January 27, 2008

How Soon Until People Demand Link Blog Portability?

The issues of data portability and ownership reached a fever pitch when Robert Scoble famously got kicked off Facebook for 24 painful hours. Users debated forwards and backwards over whether he had wrongly tried to export data from his friends that he believed belonged to him, while the social network believed they had ownership. In the ensuing months, many of the largest Web firms have joined DataPortability.org, essentially promising you can import and export your data from one service or another, without being locked into a data silo.

Yet, while this is happening, some services are becoming increasingly important, and are completely immovable. Take Google Reader's shared link blogs for instance. Despite the great utility of the link blog, combining all your best-liked posts from the blogosphere in one place, the link blog lacks customization in look and feel, in URL, or in the ability, so far, to both input data from sources outside of Google Reader, or to export the data to a new format.

Recently, in part due to the Google Reader team's lack of attention, services dedicated to tabulating the popularity of shared link items have risen up, most notably the debut of ReadBurner and Shared Reader.

Additionally, there has been recent interest in adding individual posts to Google Reader link blogs, without requiring subscription. I touched on the idea last Wednesday, ReadBurner implemented it that afternoon, and Google Operating System debuted a work-around this Sunday.

What this tells me is that the value of the link blog is only going to increase over time. Yet, it only can be modified if you utilize Google Reader, and it can only be presented at a Google-selected URL. This is in contrast to the wide variety of options seen if you use the company's Blogger service, where you can either use their blogspot.com address, publish via FTP to a site you already own with your own domain name, or thirdly, buy your own domain name through Blogger.

I believe that as alternatives to Google Reader arise, and bloggers start to see the value in their own link blogs, there will be a desire to:
1. Use other blog services to publish RSS items to their link blog.
2. Add updates from other non-blog services (like Del.icio.us, Twitter, Digg) to their link blog, a la FriendFeed.
3. Move their link blogs to a custom domain.
4. Customize the link blogs to look like their own Web sites.
Today, Google's shared item link blogs offer non-intuitive URLs, a bare minimum of design, on a white background, with your Google profile, and are limited to RSS feeds via Google Reader.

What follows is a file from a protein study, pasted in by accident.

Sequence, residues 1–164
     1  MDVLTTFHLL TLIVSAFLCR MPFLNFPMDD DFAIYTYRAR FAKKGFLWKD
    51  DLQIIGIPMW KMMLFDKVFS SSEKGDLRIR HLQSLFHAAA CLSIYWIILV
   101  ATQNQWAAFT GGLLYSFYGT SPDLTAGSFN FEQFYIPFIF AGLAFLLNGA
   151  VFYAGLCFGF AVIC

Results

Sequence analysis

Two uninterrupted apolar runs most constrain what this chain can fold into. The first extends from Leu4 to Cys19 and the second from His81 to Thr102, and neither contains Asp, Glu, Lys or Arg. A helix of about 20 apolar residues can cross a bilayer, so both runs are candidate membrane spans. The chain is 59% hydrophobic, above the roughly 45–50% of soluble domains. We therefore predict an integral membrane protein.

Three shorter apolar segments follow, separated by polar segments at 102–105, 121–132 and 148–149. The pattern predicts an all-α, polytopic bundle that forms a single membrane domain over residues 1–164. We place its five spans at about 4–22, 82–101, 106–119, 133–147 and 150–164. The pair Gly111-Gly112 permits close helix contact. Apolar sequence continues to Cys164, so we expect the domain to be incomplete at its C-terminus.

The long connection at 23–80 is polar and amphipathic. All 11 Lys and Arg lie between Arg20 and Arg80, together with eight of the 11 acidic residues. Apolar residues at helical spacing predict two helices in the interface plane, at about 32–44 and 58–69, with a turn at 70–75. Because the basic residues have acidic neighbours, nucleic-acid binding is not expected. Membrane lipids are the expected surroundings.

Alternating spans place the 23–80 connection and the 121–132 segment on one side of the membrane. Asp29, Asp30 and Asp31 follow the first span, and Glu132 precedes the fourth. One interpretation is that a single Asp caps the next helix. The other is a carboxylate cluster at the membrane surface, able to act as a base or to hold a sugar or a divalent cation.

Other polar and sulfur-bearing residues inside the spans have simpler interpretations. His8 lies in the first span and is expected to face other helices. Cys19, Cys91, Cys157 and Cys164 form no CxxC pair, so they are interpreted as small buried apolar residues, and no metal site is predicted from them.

While Google was one of the first to offer this service, and has the highest following, as attested by ReadBurner, I believe people will recognize the need to open up and offer flexibility between both competing and complementary services. As Google offered to be part of the data portability movement near the beginning of January, I sure hope this concept is on top of their list. If it's not, I wonder how long it will take until their users ask for it to be.


  1. I feed my link blog into Tumblr, which also captures feeds from Del.icio.us, Twitter, and LiveJournal.

    And it's super easy to set up your own custom URL using Google Apps/Domain and Tumblr.

    Could not be easier, or prettier.

  2. As mrshl alluded to, you can always take the RSS feed of your link blog from Google Reader and then slice/dice your data however you want, including backing it up or feeding it into someone else's system (e.g. Yahoo Pipes).

    So I agree that the link blog format is a tad limited, but you can always pull your link blog data out of Google Reader and use it however you want.

    Personally, I'd enjoy something like Jeremy Zawodny's "recent links" section where he adds a one-liner comment on his links. :)

  3. Matt, thanks for your visit and comment. You're right as far as RSS is concerned. (as mrshl mentioned as well)

    I'm thinking a bit about next-gen feed readers, like Assetbar, where if I were to move away from Google Reader, I would be in effect, abandoning the link blog. In theory, I'd like to take the link blog and move it to a new service, or point Assetbar's capabilities to the link blog.

    As for comments and interpretation of the shared items, so far, the only place I can do that today is FriendFeed. AssetBar offers the ability to share and comment also. I'm looking forward to each of these services becoming more rich over time.

  4. I've still stuck with http://del.icio.us/engtech even though I've been tempted by the Google Reader ease of share.

    Delicious is so much more useful to me in the long run.

    Re: Google Shares RSS feed -- that has a limit to the number of items you can download though. You can get *all* of your items from the RSS feed if you want to move them to another service.

  5. correction: You "can't get" all of your items from the RSS feed.

    man, the typos be sucking today.